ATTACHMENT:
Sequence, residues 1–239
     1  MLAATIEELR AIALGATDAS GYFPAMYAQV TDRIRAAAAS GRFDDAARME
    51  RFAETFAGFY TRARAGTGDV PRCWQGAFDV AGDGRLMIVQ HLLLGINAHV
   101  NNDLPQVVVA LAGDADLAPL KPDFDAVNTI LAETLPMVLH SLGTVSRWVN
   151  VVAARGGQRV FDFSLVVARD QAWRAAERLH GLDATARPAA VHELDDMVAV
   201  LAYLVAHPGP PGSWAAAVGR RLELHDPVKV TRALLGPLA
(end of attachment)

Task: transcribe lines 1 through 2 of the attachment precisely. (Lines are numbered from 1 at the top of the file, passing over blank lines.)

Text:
Sequence, residues 1–239
     1  MLAATIEELR AIALGATDAS GYFPAMYAQV TDRIRAAAAS GRFDDAARME